Texas Disability Insurance Attorney Regularly Fight ERISA Disability Denials

In Texas, a claimant’s ability to challenge a denial of disability benefits depends on many factors, not the least of which is whether the disability insurance policy is governed by ERISA. Another critical factor is having a good lawyer: a Texas disability attorney must have considerable experience in handling ERISA disability denials to have any chance of either winning an Appeal or convincing a judge to reverse a disability claim denial. While not every disability policy is governed by ERISA, the majority are and being prepared is critical.

Texas Passes Law Banning Discretionary Clauses in Disability Policies

Every ERISA disability denial lawsuit begins with consideration of whether the disability insurance policy contains a “discretionary clause,” which is nothing more than insurance company language written to give them the right to interpret certain terms of the disability policy and make a final claim decision. Many insurance companies try to build this kind of language into policies to limit claims and to restrict a court’s ability to overturn insurance company decisions. With a discretionary clause, the court must defer to the insurance company and can only reverse the denial if it is “arbitrary and capricious.” However, if a disability policy does not contain a discretionary clause, then a court is not restricted in their review of a disability claim denial.

“As of January 1, 2012, the State of Texas passed a law which prohibits any insurance company from issuing or selling a disability policy which contains a discretionary clause. The Texas law banning discretionary clauses only applies to disability policies issued or renewed after Janaury 1, 2012″.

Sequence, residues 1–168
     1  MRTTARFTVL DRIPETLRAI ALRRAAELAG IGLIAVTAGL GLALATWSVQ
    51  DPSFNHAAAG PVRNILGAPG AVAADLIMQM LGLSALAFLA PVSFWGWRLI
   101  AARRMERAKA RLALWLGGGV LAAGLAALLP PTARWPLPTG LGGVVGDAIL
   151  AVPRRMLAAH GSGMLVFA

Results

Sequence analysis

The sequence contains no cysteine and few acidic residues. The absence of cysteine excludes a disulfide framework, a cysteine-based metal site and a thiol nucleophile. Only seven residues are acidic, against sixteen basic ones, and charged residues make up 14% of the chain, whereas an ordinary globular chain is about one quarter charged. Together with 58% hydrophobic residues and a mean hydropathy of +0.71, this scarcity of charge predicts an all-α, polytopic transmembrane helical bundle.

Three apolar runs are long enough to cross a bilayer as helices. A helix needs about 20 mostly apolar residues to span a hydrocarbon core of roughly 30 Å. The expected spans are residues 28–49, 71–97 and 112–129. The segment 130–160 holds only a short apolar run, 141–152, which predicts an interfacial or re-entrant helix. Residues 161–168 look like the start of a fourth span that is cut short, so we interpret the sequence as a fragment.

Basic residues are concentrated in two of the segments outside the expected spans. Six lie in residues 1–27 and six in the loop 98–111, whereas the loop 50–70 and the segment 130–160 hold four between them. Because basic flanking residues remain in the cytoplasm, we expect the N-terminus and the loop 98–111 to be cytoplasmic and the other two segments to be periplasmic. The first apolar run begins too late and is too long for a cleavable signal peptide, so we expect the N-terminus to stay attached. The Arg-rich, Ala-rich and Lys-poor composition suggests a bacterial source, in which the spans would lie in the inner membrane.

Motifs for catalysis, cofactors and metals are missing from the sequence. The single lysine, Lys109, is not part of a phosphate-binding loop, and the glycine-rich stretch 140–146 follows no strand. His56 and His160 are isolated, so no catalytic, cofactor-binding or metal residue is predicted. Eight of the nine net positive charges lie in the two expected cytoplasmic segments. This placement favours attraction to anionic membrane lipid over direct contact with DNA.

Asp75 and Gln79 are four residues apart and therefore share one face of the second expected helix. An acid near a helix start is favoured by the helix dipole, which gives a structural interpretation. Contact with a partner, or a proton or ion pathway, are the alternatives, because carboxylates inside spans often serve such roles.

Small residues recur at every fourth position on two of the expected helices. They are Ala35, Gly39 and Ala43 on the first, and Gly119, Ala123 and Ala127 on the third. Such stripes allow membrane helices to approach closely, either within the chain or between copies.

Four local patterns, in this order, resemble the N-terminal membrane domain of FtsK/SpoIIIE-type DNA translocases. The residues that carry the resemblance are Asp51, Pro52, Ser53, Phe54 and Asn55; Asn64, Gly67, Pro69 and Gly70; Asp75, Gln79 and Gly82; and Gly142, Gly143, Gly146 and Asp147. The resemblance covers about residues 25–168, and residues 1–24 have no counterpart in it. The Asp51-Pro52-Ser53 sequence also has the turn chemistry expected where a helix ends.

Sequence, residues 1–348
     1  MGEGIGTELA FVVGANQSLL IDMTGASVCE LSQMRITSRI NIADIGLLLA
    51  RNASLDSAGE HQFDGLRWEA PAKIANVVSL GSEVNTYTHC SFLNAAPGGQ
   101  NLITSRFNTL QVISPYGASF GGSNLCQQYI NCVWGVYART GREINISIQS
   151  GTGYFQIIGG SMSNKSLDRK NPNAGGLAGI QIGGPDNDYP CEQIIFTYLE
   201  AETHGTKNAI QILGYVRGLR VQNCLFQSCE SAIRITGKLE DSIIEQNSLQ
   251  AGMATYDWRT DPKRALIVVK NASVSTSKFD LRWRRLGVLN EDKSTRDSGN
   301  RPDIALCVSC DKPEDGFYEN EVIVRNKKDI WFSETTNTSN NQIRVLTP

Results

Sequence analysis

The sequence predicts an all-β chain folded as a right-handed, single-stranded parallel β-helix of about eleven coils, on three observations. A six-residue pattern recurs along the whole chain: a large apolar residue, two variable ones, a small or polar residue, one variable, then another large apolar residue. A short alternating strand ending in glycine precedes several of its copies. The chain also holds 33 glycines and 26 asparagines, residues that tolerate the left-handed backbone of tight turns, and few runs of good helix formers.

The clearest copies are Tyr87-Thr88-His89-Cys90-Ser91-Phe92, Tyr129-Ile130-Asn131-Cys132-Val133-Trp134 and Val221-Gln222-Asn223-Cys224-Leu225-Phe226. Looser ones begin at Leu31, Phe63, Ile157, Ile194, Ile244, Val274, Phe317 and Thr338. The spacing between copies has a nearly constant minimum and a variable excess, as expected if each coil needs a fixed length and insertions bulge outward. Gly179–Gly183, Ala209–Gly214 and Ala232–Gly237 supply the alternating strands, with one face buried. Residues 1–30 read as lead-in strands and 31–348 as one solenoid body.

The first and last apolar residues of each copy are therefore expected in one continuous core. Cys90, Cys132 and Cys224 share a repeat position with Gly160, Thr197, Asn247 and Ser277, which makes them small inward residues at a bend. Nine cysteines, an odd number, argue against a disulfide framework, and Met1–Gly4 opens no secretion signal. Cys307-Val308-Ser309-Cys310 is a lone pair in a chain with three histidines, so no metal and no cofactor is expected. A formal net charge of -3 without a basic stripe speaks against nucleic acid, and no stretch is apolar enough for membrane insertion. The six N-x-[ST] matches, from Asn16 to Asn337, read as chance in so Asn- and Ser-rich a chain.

A Texas Court’s Review of a Claim Denial

The Fifth Circuit Court of Appeals – Texas’ highest federal court – explained the “arbitrary and capricious” standard of review in the case of Firman v. Life Insurance Company of North America. That case involved a dispute over insurance benefits. The plaintiff’s husband died in single-vehicle accident. The police report indicated that his truck veered off the street when entering a curve and then he overcorrected, causing the truck to rollover. Without a seatbelt, he was partially ejected out of the passenger window and crushed by the truck. He died instantly. Toxicology tests showed he had alcohol in his system at the time of the crash.

The widow filed a claim for insurance benefits under two Group Accident Policies. Although both policies were accidental death policies, neither defined the term “accident.” While the policies excluded coverage for injuries from certain activities, they didn’t contain any exclusion for deaths resulting from intoxication or the use of controlled substances. But both policies gave LINA (also known as CIGNA) “full discretionary authority to administer and interpret” the policies.